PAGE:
2. Summer Heat: Spending too much time in the sun can cause a number of skin problems including dryness, sunburn, and excess sweating. 
  3. Cold: And on the opposite end of the spectrum, coldness can cause a number of issues too. But this doesn’t just mean cold weather. It can also mean eating a diet that includes too many raw or cold foods and beverages. This goes back to the concept of Yin and Yang. To keep the lungs healthy, you need to have a balance of both hot and cold foods in your diet to maintain good skin. 
  4. Damp: Dampness is another factor that can affect the health of your lungs. This can be caused by poor digestion and a diet that is high in rich or fatty foods. Dampness causes thickening of the skin, pus, pimples and lumps like cystic acne or warts.
  5. Dryness: And once again see that an opposing factor can also cause skin issues. Dryness of the lungs can be caused by a dry environment, too much heat, or the body not producing enough fluids. This will result in dry or cracked skin.
  6. Wind: In Traditional Chinese Medicine, excessive wind can disrupt your skin by allowing pathogens to enter. It can cause itching and rashes that are spread over the body including allergic reactions like hives.

        Focusing on Internal Issues to Solve External Problems

        As we mentioned earlier, Traditional Chinese Medicine puts a heavy emphasis on treating external problems, internally. A lot of prescriptions and treatment plans will include different herbal teas or diet changes. Some popular teas in Traditional Chinene Medicine include chamomile (great for treating acne, and redness.) There is also the wildly popular green tea which can help with overall wellness of the body. But that barely scratches the surface of teas that are used in treatment plans!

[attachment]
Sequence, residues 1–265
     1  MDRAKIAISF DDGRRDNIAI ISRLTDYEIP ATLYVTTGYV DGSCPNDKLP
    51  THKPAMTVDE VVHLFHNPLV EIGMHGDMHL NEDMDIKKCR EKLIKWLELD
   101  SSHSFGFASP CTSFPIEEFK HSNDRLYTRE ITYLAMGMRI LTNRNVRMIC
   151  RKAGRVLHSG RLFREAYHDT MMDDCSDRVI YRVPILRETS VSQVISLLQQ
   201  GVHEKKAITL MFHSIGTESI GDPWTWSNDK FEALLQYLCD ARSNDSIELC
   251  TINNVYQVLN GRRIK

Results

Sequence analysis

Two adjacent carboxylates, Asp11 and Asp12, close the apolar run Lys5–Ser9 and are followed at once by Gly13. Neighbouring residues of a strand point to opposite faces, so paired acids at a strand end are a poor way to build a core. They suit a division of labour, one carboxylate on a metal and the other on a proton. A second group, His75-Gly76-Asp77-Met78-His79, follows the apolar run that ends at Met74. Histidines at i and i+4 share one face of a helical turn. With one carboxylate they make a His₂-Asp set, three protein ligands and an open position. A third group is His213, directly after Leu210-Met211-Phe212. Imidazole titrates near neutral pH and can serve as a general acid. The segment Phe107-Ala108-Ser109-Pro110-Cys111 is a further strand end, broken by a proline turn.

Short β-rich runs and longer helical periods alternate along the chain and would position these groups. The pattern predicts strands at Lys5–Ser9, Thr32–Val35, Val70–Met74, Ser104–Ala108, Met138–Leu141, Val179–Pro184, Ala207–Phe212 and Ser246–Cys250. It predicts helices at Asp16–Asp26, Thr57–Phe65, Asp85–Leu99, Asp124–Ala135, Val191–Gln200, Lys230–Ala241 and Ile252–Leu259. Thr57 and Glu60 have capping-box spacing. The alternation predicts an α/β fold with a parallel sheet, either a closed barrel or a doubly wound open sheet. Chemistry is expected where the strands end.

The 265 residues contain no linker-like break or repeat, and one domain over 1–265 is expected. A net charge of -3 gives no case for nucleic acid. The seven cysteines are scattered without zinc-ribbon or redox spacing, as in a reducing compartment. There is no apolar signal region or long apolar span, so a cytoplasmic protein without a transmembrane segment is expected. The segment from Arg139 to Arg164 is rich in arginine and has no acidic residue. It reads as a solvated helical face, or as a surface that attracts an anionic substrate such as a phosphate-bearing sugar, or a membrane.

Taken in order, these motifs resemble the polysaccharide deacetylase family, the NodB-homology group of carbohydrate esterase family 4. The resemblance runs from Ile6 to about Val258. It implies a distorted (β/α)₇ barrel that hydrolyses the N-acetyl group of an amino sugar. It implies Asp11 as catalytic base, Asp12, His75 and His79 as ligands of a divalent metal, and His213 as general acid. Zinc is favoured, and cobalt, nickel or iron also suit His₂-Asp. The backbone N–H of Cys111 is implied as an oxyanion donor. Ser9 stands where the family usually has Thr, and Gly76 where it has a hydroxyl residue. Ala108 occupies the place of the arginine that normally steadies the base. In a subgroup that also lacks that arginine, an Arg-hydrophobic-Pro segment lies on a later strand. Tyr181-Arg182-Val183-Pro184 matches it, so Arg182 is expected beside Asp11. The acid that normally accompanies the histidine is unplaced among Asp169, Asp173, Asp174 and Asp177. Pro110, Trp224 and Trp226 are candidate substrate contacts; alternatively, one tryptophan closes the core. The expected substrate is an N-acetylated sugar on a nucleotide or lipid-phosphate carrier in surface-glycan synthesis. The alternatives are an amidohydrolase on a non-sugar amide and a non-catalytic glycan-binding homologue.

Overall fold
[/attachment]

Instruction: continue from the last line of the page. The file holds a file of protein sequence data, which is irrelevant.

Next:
There are also several foods that are used in treatment plans. For example, those who are suffering from excessive dry skin are recommended to eat a diet that is rich in both flaxseed and sesame seed. And on the opposite end, those who have damp (oily) skin should try introducing more aduki beans, mung beans, and barley into their diet. Foods that help with “heat” in the lungs include things like daikon radishes, pears, and mint leaves. To protect the skin from pollution, introducing herbs and spices like turmeric (to help with inflammation), oregano (microbial balance), and chaga (an antioxidant) can help Immensely.

        But that doesn’t mean treatment plans don’t include topical remedies too. A commonly used plant in Traditional Chinese Medicine is aloe vera. If you’ve ever experienced sunburn, you know how soothing this plant can be when applied. Tea Tree oil in another topical ingredients primarily used to treat acne. And face oils are full of ingredients that hydrate and balance the skin.


        This introductory guide is just the beginning in understanding Traditional Chinese Medicine. Follow along with our blog to learn even more!

        Steven Wang, MD and Gui Wang, LAc have been working together for over 20 years to provide potent, herbal remedies for spas and individuals around the world. The father-son duo mixes Traditional Chinese Medicine (TCM) with cutting edge scientific advances with the aim of bringing relief, comfort, and happiness to our customers. Our products are the result of decades of dedicated research.

        We believe that utilizing both modern Western medicine and time-honored Eastern medicine allows us to provide unique skincare solutions. To learn more, read what experts from The New York Times, Allure, Reader’s Digest, and more have to say about our revolutionary products.



        Sign up to receive news, updates and product discounts.


        Leave a comment

        Please note, comments must be approved before they are published